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47 thoughts on “An Original Profile

  1. I won’t even insult your intelligence by saying “Copying is the best for of flattery” because a quick IM or note saying “I love what you wrote…” is so much nicer. By the way, love what you wrote….and I am sorry someone snagged your stuff….that is tres annoying. I hope your day goes better…..Ignore her. -smiles-

  2. I like cookies too. Chocolate chip laced with black walnuts ! I know it’s blood pressure raising and you are right to be pissed but nice goin’ to out the perp this way :)

  3. Krysta: ‘sincerest’ is not always ‘best’. ;)
    I have never understood why some people out there just steal a whole chunk of text and claim it as their own. But I’m perhaps overly committed to going the opposite way, myself.

  4. Well, as I have always said when confronted with false imitations, stiffen the sinews, summon up the blood, disguise fair nature with hard-favour’d rage; Then lend the eye a terrible aspect; . . . . Now set the teeth and stretch the nostril wide, Hold hard the breath and bend up every spirit to his full height. Pep (Go, girl!)

  5. There is always someone with not enough wit, imagination or originality to steal your stuff, your looks, and, yes, your words.
    There are such things as vampires… they are emotional vampires….those that suck your empathy out of you and those that steal your culture … this woman is a cultural vampire.

    You fill her emptiness and she’ll suck you dry given half a chance.

    I’ve always prided myself on my originality, but some people are just cultural sluts.

  6. There’s no puzzle about why you’re mad: it’s not just stealing, it’s a form of identity theft. A friend of mine had something similar happen to her, right down to a similar name (ohhhh, the *cough* advantages of having one name, not two). But try as your half-wit imitator might, she’ll never have your photographic eye. *That* takes imagination.

  7. Whiskey, you speak for all of us who have had parts of our profiles deliberately stolen by others. I agree that those who wish to don the personalities and traits of someone else by stealing their words, are not imitating or flattering. They are being personality vampires. Thank you for blogging this.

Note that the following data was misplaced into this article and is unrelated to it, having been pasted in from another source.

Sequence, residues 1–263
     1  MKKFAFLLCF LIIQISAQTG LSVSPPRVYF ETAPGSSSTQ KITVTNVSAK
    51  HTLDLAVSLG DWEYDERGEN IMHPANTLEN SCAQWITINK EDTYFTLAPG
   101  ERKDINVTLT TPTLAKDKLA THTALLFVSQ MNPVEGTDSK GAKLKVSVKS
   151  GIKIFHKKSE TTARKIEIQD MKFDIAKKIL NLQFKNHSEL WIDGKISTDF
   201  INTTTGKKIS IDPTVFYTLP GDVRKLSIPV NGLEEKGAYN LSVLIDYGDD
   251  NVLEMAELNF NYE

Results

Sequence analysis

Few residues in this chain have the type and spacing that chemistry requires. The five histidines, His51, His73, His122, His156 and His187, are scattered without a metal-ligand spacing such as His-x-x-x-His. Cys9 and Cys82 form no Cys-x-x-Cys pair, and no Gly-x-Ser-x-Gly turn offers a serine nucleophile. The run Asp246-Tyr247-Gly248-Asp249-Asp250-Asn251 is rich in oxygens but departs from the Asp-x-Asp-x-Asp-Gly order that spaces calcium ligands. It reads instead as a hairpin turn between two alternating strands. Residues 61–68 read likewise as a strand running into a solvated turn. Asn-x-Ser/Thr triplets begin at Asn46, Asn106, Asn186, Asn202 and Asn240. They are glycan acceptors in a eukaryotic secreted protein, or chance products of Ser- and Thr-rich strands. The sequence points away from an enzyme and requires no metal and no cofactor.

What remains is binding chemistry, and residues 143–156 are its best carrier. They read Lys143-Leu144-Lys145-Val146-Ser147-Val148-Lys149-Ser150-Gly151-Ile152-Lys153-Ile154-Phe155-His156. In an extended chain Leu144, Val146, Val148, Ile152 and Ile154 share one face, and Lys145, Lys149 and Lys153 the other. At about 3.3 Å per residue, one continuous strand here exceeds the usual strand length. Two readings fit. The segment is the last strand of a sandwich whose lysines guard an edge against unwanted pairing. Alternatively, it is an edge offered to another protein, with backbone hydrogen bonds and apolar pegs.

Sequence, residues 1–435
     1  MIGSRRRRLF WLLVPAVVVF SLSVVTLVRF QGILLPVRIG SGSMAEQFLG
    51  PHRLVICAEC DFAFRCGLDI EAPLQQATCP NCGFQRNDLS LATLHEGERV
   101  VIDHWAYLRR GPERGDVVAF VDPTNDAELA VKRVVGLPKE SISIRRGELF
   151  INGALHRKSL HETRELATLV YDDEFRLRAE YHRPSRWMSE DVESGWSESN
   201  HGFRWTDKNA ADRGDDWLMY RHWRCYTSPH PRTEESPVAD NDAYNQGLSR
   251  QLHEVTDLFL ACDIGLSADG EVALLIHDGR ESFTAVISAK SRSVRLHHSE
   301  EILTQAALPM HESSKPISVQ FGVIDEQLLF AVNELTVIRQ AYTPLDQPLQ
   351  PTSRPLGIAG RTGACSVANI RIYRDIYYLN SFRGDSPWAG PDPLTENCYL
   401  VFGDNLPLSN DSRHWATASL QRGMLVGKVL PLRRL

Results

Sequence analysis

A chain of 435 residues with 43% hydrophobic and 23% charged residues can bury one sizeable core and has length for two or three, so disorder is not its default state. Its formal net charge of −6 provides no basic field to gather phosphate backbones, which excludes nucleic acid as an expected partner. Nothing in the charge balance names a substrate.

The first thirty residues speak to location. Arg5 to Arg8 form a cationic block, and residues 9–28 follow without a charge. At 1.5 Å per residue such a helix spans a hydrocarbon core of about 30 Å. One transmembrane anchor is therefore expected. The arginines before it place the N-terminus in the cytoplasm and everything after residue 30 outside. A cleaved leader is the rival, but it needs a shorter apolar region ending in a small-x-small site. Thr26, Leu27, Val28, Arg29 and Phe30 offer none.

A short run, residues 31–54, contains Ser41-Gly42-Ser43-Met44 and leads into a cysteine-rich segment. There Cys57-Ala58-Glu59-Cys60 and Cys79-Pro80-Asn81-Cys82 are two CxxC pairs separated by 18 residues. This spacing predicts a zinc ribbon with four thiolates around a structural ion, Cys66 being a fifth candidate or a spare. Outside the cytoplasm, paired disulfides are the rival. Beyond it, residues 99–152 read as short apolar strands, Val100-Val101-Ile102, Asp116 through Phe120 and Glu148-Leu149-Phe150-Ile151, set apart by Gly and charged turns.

(Stellar Starship thanks you too : )

  8. Good you brought this up. 1 of my FORMER friends and now my stalker is exactly like this. A vampire. He (dressed like a fat woman avie) cheats and steals and are convinced he is not doing anything wrong. He even googled my rl then claimed it wastn breaking TOS because he did it OUTSIDE sl >.< as if. I have never had any contact with him outside SL and the only thing he knew was the kind of dog i have. My mistake. Vampires acts like this. argh! you go girl! Hugss

  9. I explained to Ms. Monday after she IM’d me and demanded that I remove “her words” from my profile that I had no idea who she was until earlier that morning when an unknown male sent me a message accusing me of being with a man AND of being her alt. I found the …oops…her…”words” on a blog/website outside of SL several months ago , and thinking they were cute, I used them. I apologized to Ms. Monday and as a courtesy, said I would change my profile, even though she has no proof the “words” indeed did originate from her. Apparently, an apology and changing my profile were not enough/acceptable to Ms. Monday, as she then used her blog to draw attention to herself and her SLebrity via defaming me.
    Applause applause, mission accomplished !

    • You defamed yourself, Callie, the minute you put words on your profile that did not originate from you without giving the person from whom they did originate specific credit for them, even without so much as a set of quotation marks. Soak in the shame; you’ve earned it.

    • It doesn’t matter I’d someone is known or quietly musing in their Second Life. Plagiarism is plagiarism.

    • Sorry you’re bitter that you stole something and got caught. You really have zero of the high ground here, and anything you continue to righteously spout off (is someone else writing these replies for you, too?) just digs it deeper.

      Be yourself. Use your own words. Speak for yourself.

    • Liar liar, pants on fire. But, you are to be pitied, because it’s really sad you aren’t even remotely clever or capable of writing your own profile. That’s your identity, and clearly you have none, you have to steal from someone else.

  10. The saddest part about this is that you actually think you have a point on defending what you did. Is it so hard to believe that those were her words? There weren’t yours, in any case. The very least you had to do was giving proper credit, instead of coming back and having the brass neck to accuse her of stealing. In other news, I doubt Whiskey needs you or your drama to draw attention to herself. Do yourself a favor and stop feeding your ego with others words.